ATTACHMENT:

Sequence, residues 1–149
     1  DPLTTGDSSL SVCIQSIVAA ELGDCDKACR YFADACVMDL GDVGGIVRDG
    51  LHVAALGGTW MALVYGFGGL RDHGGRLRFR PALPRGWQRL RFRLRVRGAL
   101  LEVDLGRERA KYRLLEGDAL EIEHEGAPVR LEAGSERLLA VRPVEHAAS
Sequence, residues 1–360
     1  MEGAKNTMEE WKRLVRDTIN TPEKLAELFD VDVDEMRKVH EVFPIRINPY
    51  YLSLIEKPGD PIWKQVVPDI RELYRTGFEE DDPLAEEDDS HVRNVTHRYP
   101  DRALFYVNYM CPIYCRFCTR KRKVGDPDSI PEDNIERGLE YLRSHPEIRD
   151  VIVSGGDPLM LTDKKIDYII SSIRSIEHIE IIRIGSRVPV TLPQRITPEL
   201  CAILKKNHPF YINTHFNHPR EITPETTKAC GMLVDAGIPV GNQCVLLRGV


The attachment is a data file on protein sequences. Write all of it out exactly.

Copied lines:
Sequence, residues 1–149
     1  DPLTTGDSSL SVCIQSIVAA ELGDCDKACR YFADACVMDL GDVGGIVRDG
    51  LHVAALGGTW MALVYGFGGL RDHGGRLRFR PALPRGWQRL RFRLRVRGAL
   101  LEVDLGRERA KYRLLEGDAL EIEHEGAPVR LEAGSERLLA VRPVEHAAS
Sequence, residues 1–360
     1  MEGAKNTMEE WKRLVRDTIN TPEKLAELFD VDVDEMRKVH EVFPIRINPY
    51  YLSLIEKPGD PIWKQVVPDI RELYRTGFEE DDPLAEEDDS HVRNVTHRYP
   101  DRALFYVNYM CPIYCRFCTR KRKVGDPDSI PEDNIERGLE YLRSHPEIRD
   151  VIVSGGDPLM LTDKKIDYII SSIRSIEHIE IIRIGSRVPV TLPQRITPEL
   201  CAILKKNHPF YINTHFNHPR EITPETTKAC GMLVDAGIPV GNQCVLLRGV